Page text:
Review: The ghosts of World War I haunt a French farm in ‘The Guardians’

Nathalie Baye and Iris Bry in ‘The Guardians’

Sometimes when watching a new film from France I get the idea that the directors and scriptwriters are all influenced by one another. The same scenes and plot devices are popping up: a farm in trouble because the owner had died or is away in World War I; women—a widow or daughter—pitch in, take charge; a daughter loves a soldier; a crisis develops when the crops—wheat or grapes—must be harvested; U.S. soldiers on leave cause trouble; years pass—we know because it snows; God is worshipped, sometimes, but why didn’t he answer the prayers? Somehow the farm must change, adapt to the new economy. Who will marry whom—if anyone?

Xavier Beauvois’s film is based on a novel by Ernest Perochon, with a lot of its misery, disease and death left out.

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Xavier Beauvois’s “The Guardians” is based on a novel by Ernest Perochon, with a lot of its misery, disease and death left out and its many children reduced to a few. A few classic actors carry the thematic load, and the 23-year-old Iris Bry plays Francine, who is hired to do the farm work of a son who has just died in the war. But the central character is the old farm itself, a collection of buildings unchanged since 1914. The sun lingers over it as the world goes by, and the deep brown tones of the walls reflect the internal battles in the souls who live there.

The heroes are the women. The mother, Hortense (Nathalie Baye), is in charge. Her daughter is Solange (Laura Smet). A son, Constant (Nicolas Giraud), is killed in battle. Another son, George (Cyril Descours), is the romantic lead. The Angel of Death, who appears twice, is an old man in a black suit with a white beard. Suddenly, he is here! Without a word he approaches the character most wounded and embraces him or her as tears flow.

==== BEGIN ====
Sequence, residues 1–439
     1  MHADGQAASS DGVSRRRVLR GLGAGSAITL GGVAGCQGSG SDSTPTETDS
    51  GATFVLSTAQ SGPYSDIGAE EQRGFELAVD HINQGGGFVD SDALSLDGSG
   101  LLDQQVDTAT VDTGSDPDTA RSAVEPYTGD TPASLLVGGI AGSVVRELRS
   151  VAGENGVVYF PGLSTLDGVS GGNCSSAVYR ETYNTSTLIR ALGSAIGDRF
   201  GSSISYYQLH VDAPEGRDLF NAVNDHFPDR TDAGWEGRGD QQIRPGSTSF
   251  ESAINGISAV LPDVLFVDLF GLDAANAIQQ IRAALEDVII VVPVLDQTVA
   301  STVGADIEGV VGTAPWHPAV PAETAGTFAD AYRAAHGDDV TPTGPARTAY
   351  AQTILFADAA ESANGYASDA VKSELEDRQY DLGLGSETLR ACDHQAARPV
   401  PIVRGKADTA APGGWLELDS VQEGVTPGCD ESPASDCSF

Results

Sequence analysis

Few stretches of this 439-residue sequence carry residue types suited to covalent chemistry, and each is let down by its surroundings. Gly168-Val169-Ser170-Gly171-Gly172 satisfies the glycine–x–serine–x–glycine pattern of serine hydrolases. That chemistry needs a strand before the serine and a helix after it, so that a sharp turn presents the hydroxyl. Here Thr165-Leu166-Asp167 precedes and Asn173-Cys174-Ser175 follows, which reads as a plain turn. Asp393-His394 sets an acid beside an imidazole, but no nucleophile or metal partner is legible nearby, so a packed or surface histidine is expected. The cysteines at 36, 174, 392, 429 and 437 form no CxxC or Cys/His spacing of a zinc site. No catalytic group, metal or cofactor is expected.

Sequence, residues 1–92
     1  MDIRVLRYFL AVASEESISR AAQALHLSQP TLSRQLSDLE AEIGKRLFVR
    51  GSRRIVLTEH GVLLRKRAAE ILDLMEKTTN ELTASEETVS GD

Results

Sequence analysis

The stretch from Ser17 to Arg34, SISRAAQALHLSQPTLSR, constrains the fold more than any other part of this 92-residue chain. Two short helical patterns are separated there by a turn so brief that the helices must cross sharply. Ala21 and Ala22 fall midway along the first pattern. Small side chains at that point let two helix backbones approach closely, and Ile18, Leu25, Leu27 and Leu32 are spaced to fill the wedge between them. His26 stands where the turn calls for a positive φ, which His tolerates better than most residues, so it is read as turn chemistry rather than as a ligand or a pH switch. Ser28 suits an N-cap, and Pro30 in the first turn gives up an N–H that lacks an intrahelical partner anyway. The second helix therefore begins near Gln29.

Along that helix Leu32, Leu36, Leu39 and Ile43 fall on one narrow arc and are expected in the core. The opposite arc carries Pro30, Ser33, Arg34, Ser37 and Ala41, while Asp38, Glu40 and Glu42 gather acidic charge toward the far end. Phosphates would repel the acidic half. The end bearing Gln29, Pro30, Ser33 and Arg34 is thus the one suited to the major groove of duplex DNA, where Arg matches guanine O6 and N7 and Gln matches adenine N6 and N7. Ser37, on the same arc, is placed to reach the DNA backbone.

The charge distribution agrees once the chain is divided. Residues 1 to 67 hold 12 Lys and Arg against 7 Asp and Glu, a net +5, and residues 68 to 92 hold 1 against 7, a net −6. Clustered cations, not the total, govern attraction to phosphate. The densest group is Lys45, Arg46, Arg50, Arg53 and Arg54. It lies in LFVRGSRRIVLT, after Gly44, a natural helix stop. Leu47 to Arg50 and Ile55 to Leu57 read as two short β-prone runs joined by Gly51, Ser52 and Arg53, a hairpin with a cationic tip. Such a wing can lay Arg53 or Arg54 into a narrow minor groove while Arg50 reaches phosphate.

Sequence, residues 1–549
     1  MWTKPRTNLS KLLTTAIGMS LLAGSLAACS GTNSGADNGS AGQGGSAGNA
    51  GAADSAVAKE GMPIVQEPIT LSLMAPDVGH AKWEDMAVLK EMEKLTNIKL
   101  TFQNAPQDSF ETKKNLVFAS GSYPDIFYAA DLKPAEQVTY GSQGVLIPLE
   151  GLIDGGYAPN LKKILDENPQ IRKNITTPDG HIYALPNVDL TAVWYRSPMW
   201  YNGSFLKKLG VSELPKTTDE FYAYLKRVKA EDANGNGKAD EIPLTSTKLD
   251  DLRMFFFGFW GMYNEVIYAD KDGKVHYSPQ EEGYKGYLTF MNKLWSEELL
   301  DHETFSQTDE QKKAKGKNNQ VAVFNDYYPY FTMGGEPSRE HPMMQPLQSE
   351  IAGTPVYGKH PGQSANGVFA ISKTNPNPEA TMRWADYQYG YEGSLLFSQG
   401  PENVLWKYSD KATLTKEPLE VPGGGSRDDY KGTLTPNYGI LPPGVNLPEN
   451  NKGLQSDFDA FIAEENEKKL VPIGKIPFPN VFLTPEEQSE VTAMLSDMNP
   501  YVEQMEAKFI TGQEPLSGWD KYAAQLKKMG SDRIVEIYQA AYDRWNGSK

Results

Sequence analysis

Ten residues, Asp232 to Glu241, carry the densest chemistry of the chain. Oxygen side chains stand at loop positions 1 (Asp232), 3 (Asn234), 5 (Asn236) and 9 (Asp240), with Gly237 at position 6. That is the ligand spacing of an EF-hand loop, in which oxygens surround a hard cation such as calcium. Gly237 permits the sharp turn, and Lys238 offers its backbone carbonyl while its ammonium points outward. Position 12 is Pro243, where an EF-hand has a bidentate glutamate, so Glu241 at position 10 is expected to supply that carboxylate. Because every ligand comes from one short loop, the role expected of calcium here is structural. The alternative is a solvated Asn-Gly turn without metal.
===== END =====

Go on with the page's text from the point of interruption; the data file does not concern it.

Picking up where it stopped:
The central character is the old farm itself, a collection of buildings unchanged since 1914.

Francine is an orphan: no family, no home, but she is a skillful housekeeper and has worked her way into the permanent embrace of the family. Her first act is to nail a crucifix to her wall. The film’s religious atmosphere is strong and realistic. And the hymns at the memorial services (often corpses are not returned home) signify a valid faith. She and George have been exchanging letters and taking long walks in the woods, where he shows her his favorite beautiful spot. Soon, back in her bedroom, they have sex. Indeed the sexual tension has tightened since groups of U.S. soldiers have been stopping by to help with the harvest.

George has been enduring horrible dreams. He mans a machine gun as Germans wearing gas masks attack. They pour out of the woods a few yards in front of him, and he mows every one down. The German dead pile up, but one last survivor attacks George, and they wrestle to the death as George stabs him again and again. George pulls off the German’s gas mask and glares at his face. The dead German’s face is George. George has been killing himself.

The plot goes into reverse as Hortense calls Francine in, accuses her unjustly of having sexual relations with the Americans and sends her away. She finds another nice home but discovers she is pregnant. 1918, 1919 and 1920 pass. The farm has prospered because they bought a tractor that does the work of a dozen men and women. We see George walking through a bustling city street, and then he hears a voice singing in a cafe. We are not told what happens next.

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